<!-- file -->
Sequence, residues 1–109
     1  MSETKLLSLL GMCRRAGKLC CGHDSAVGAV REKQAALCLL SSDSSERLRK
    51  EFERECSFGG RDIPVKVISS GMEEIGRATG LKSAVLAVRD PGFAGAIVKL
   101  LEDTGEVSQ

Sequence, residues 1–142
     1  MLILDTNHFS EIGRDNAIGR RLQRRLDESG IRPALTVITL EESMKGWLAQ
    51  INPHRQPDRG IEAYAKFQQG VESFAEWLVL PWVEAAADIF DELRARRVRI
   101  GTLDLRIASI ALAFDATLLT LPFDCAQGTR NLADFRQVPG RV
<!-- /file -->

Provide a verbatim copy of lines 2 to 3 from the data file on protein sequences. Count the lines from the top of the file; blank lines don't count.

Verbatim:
     1  MSETKLLSLL GMCRRAGKLC CGHDSAVGAV REKQAALCLL SSDSSERLRK
    51  EFERECSFGG RDIPVKVISS GMEEIGRATG LKSAVLAVRD PGFAGAIVKL